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At 3-3 and 0-40 in the third, it looked as good as over until from somewhere down in his SW19 highlights reel, the champion reeled off five straight points. At 5-4 up, the Swiss had respite as the rains came. There was an 80-minute break to think about how to change the course of a match which was being entirely directed and driven by what was happening on the other side of the net. Federer remembered a significant change in tactics: “I believe that rain delay probably woke me up. I said: ‘If you’re going to go out of this match, at least you’re going to go down swinging.'”

The first, and potentially last, tie-break came. Federer took a 5-2 lead with some freer forehand hitting. Although Nadal chiselled back to 6-5, a booming ace clinched it. We had a match.

The trouble was that Nadal’s rasping groundstrokes and grit were brutal. This was a laser focus that threw a whole heap of ridiculous pressure on the title holder at 4-5, 0-30 but he came through again with big serves and forehands It was tie-break two to signal a changing of the guard or an epic fifth set.

Nadal charged 4-1 up and appeared to have one hand on the trophy. At 5-2, he had two serves to win it but, suddenly the timing gave way to tension. He double-faulted and then dumped a backhand into the net. Federer had a set point but then put a makeable forehand wide and saved himself again with a boomer ace. It was Nadal’s unbelievable running forehand pass for 8-7 with two serves to come that brought him a second match point.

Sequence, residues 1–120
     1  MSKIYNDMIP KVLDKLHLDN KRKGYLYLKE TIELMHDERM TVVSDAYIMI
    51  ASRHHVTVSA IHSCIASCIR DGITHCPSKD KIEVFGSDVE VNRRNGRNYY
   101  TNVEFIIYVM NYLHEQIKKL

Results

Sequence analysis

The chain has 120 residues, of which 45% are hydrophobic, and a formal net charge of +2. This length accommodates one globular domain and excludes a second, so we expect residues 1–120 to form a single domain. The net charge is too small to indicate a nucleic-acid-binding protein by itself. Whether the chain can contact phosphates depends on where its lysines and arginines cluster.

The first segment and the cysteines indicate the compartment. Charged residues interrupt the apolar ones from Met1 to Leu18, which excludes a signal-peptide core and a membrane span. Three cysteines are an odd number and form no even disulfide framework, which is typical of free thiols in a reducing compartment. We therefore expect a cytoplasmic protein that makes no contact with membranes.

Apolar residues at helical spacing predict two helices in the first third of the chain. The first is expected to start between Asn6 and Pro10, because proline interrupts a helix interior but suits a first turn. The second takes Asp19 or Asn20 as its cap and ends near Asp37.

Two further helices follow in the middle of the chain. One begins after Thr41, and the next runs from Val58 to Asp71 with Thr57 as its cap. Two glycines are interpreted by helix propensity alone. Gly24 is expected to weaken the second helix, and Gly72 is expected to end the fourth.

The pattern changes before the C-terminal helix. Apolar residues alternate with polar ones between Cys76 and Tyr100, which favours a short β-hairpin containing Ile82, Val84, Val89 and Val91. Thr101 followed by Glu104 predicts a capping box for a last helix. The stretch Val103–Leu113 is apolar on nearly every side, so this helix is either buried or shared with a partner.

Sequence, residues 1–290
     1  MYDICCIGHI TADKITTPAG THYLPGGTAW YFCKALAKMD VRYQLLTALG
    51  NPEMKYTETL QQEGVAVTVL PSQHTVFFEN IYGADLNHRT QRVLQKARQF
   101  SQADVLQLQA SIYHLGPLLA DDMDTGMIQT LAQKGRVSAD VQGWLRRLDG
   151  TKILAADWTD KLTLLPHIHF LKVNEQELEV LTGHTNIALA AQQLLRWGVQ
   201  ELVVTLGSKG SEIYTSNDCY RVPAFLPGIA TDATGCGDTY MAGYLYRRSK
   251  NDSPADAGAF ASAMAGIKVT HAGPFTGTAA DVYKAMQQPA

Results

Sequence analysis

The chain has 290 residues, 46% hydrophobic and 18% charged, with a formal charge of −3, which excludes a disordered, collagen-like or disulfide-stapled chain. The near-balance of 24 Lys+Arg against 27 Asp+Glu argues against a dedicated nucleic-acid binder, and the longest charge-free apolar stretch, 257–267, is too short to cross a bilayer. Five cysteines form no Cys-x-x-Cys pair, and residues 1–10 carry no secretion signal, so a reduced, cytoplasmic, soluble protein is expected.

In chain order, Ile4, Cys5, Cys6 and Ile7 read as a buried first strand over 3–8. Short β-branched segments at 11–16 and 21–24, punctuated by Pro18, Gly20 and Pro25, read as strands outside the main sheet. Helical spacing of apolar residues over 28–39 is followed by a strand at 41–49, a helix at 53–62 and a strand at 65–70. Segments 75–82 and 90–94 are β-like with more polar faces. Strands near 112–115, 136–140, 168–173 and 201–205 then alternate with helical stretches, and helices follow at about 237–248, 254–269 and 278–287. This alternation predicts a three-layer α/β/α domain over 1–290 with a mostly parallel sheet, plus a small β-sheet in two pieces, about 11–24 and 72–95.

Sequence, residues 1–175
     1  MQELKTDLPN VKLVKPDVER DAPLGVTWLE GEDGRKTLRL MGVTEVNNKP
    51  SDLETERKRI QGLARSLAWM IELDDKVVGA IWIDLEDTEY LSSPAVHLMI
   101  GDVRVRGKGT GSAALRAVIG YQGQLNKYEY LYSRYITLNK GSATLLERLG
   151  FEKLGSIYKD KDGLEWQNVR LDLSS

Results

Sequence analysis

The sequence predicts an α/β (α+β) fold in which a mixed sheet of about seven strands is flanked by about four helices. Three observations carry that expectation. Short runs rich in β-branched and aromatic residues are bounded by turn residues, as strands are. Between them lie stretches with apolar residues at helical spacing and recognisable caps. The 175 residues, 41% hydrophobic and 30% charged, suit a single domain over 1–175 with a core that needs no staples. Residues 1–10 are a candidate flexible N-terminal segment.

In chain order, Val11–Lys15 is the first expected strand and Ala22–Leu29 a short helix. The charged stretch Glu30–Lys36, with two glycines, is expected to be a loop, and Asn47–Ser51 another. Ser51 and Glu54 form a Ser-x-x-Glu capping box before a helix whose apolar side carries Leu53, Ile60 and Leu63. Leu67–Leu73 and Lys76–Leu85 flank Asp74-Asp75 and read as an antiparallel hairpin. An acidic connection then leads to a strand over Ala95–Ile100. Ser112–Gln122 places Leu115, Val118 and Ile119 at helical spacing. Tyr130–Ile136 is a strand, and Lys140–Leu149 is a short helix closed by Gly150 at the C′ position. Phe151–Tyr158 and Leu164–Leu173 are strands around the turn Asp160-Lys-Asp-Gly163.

However, out of nowhere, Federer drove a dream one in ten chance backhand pass down the highest part of the net. Andrew Castle said on commentary: “The two best passing shots of the tournament, without doubt, have just taken place on the last two points.” The now fired-up Fed took the next two points to square the match.

A shorter rain break interrupted the fifth at 2-2 just before 8pm. Minds raced to the possibility of a Monday finish for the first time since Rafter and Ivanisevic prompted sudden sick notes across multiple offices in 2001. They took cash on the door that day…

Back they came at 20:30 with perhaps an hour of natural light to finish this match, a match that deserved to be played out in full on the night. It was now or never and the now came at 7-7 when a couple of brutal Nadal backhands opened the door as Federer’s forehand hinges creaked at the critical moment.

Wimbledon 2008 Roger Federer and Rafael Nadal

When Nadal served for the match, he steeled himself for the task ahead with a sudden change-up to serve and volley: “My mind was clouded by nerves. I had to conquer those nerves right now and the way to do it was to raise my aggression.” After four hours and forty-eight minutes and another four match points, the King of Centre Court was toppled just after the watershed as he netted a forehand in the gloom. Nadal fell to the ground in exultation and total relief.

Just over a month later, the young pretender had ended Federer’s record 237-week reign as world No 1. The Roger and Rafa show pulled in a peak 12.8 million viewers on BBC alone compared to just 7.4 million the previous year. It was a sequel that truly topped those first two popcorn movies.